verb (used with object)
Origin of tomb
Examples from the Web for tomb
In addition to visiting the tomb of John Paul, who died of natural causes in 2005, Agca asked to see his successor, Pope Francis.
He has put flowers on the tomb of John Paul II,” said Vatican spokesman Federico Lombardi, “I think that is enough.
But the proud stone lion that once stood atop the tomb, as Peristeri has often maintained, suggests a male occupant and a warrior.
The tomb, though much smaller than the palace, is similarly a vision of ornate twists, arches, and peaks.
Archeological finds at the Amphipolis tomb may date back to Alexander the Great.Amphipolis Tomb Yields Amazing Finds But Mysteries Linger|James Romm|October 17, 2014|DAILY BEAST
In the midst shone the single pure flame of a massive silver lamp, rifled from the tomb of a saint.The Mercy of Allah|Hilaire Belloc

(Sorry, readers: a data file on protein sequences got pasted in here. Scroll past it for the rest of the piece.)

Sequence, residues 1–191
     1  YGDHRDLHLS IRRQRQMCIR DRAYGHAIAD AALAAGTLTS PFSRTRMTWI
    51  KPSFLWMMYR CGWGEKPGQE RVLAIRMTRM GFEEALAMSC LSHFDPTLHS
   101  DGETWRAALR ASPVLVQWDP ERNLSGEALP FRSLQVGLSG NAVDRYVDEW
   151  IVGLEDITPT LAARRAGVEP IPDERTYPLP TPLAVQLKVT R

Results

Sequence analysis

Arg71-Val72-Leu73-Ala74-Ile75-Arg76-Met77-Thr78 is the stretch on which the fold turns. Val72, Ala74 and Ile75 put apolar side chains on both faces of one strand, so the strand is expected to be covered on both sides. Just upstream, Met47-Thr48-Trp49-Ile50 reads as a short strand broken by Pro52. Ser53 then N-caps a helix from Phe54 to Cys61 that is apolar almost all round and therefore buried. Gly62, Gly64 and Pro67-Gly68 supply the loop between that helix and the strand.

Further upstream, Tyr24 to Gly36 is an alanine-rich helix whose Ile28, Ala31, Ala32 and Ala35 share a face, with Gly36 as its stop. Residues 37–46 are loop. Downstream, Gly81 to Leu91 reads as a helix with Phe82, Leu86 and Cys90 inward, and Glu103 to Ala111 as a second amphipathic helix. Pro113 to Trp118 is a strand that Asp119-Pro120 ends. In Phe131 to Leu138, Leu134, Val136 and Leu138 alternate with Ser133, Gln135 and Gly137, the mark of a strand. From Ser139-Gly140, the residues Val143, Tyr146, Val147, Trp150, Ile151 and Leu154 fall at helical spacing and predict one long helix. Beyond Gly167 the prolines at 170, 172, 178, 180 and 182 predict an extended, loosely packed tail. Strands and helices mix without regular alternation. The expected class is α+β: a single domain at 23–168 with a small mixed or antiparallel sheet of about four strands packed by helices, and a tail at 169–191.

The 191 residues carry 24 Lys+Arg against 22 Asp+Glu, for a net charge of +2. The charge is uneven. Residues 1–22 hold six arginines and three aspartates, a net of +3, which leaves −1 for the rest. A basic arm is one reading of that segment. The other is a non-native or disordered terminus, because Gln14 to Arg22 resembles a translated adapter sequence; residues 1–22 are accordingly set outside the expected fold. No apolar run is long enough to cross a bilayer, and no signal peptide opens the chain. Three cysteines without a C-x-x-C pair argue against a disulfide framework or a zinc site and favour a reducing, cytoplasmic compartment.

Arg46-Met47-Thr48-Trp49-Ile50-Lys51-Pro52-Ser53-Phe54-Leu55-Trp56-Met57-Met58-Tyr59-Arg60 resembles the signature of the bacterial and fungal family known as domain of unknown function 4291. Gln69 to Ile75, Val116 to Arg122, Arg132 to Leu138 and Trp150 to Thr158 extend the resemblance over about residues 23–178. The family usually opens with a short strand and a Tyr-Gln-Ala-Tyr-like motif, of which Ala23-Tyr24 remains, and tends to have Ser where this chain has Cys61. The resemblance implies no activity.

He first appears in Castle Dangerous as "Knight of the tomb."Character Sketches of Romance, Fiction and the Drama, Vol 1|The Rev. E. Cobham Brewer, LL.D.
Then we arose, and ascended the stairway, and my uncle ordered the workmen to replace the stones upon the tomb.
He also was the first for whom family piety sought to provide a happy life beyond the tomb.
That death embrace and the tomb were, then, only solemn mockeries!
British Dictionary definitions for tomb
Word Origin for tomb
Word Origin and History for tomb
late 13c., from Anglo-French tumbe, Old French tombe (12c.), from Late Latin tumba (cf. Italian tomba, French tombe, Spanish tumba), from Greek tymbos "burial mound, grave, tomb," from PIE root *teu- "to swell" (see thigh). The final -b began to be silent 14c. (cf. lamb, dumb). The Tombs, slang for "New York City prison" is recorded from 1840.